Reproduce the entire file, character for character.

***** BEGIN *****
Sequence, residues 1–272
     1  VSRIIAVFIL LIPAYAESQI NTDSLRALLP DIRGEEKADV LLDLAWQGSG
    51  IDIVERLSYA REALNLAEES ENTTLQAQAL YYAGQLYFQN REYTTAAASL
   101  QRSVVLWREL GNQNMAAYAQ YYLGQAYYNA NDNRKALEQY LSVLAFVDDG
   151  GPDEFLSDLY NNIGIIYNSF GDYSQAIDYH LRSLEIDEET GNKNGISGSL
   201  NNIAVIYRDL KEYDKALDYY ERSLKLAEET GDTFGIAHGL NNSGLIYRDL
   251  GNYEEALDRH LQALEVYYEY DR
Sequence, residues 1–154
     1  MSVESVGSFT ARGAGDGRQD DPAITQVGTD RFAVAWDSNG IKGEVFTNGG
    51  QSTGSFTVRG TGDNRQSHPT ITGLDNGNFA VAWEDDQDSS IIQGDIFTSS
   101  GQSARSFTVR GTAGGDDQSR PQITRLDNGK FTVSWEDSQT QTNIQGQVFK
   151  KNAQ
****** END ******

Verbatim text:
Sequence, residues 1–272
     1  VSRIIAVFIL LIPAYAESQI NTDSLRALLP DIRGEEKADV LLDLAWQGSG
    51  IDIVERLSYA REALNLAEES ENTTLQAQAL YYAGQLYFQN REYTTAAASL
   101  QRSVVLWREL GNQNMAAYAQ YYLGQAYYNA NDNRKALEQY LSVLAFVDDG
   151  GPDEFLSDLY NNIGIIYNSF GDYSQAIDYH LRSLEIDEET GNKNGISGSL
   201  NNIAVIYRDL KEYDKALDYY ERSLKLAEET GDTFGIAHGL NNSGLIYRDL
   251  GNYEEALDRH LQALEVYYEY DR
Sequence, residues 1–154
     1  MSVESVGSFT ARGAGDGRQD DPAITQVGTD RFAVAWDSNG IKGEVFTNGG
    51  QSTGSFTVRG TGDNRQSHPT ITGLDNGNFA VAWEDDQDSS IIQGDIFTSS
   101  GQSARSFTVR GTAGGDDQSR PQITRLDNGK FTVSWEDSQT QTNIQGQVFK
   151  KNAQ